On Wednesday 24 March, the European Commission has published its proposal for a Council recommendation on a European Child Guarantee, a financial instrument outlining five objectives for children in poverty including free healthcare, free education, free childcare, decent housing and adequate nutrition. The proposal is launched as part of a European integrated plan to combat child poverty.

Strongly urged by the European Parliament, that ensured the inclusion of this instrument in the EU budget through a specific earmarking in the European Social Fund Plus (ESF+), the Child Guarantee has been designed following a comprehensive feasibility study, that focused on four target groups: children with disabilities, children in alternative care, children with a migrant background (incl. refugee children) and children living in precarious family situations.

For each one of these groups, the study reveals multiple obstacles in accessing opportunities and services. The research illustrates with detailed statistics, how the migration status of parents can disproportionally affect the social inclusion of their children.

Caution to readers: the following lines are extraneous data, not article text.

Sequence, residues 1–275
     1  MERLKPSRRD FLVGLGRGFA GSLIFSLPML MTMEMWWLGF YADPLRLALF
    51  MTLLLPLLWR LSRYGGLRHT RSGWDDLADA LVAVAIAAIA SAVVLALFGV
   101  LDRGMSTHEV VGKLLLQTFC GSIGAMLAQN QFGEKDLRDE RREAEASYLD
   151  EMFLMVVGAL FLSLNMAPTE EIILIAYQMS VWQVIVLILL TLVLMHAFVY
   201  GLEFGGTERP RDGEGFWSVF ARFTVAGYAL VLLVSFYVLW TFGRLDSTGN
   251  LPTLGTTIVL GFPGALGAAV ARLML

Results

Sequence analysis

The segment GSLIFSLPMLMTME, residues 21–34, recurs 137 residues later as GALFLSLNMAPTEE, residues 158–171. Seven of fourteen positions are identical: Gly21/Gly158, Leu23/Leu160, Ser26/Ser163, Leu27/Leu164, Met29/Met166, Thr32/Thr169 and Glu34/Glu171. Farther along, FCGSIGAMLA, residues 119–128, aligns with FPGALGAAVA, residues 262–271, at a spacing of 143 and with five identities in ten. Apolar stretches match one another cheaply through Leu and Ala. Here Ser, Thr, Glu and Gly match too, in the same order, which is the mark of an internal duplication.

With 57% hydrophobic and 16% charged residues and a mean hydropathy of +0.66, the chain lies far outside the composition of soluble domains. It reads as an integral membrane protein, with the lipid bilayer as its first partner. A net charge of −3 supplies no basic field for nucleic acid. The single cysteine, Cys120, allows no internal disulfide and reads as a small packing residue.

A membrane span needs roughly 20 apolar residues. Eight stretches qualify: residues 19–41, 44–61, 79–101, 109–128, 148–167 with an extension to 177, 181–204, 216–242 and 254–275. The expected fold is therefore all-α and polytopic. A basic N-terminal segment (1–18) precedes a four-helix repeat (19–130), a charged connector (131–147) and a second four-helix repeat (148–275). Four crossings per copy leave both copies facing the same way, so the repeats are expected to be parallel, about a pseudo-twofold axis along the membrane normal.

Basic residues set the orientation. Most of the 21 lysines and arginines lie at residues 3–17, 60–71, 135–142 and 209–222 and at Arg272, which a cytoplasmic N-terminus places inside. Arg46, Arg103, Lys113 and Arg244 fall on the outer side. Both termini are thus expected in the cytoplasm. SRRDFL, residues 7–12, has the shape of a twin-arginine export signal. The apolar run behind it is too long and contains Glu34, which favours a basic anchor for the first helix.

Besides the ESF+, other EU funds, such as the European Regional Development Fund (ERDF) can contribute to future-proof investments in social infrastructure, equipment and access to quality and mainstream services, as well as with cooperation projects in border regions. Finally, member states will be able to use their allocations from the Recovery and Resilience Facility to implement more structural measures to reduce child poverty.

Depending on their national peculiarity, member states will have to identify which groups of children are more likely to experience specific disadvantages, and set up policy solutions accordingly – with the support of EU funds. The document offers a detailed mechanism for monitoring and evaluating member states’ progress in tackling child poverty, including the involvement of the European Semester economic and employment coordination process.

An EU cohesion policy adapted to react socio-economic consequences of the pandemic with ad-hoc initiatives as the React-EU programme is in place, but the preparation of operational programmes for the structural funds in the new Multiannual Financial Framework (MFF 2021 – 2027), have not been finalised yet. This delay gives the opportunity to Member States to programme in time their funds, and to align them with the Child Guarantee Action Plans.

In member states where migrant and refugee children are facing a particular risk of experiencing disadvantages, such an instrument could represent a targeted support for them and for families, allowing children to reach their full potential and “break the cycle of disadvantage”, as promoted in the Commission Recommendation on Investing in Children of 2013.

This article appeared in the ECRE Weekly Bulletin. You can subscribe to the Weekly Bulletin here.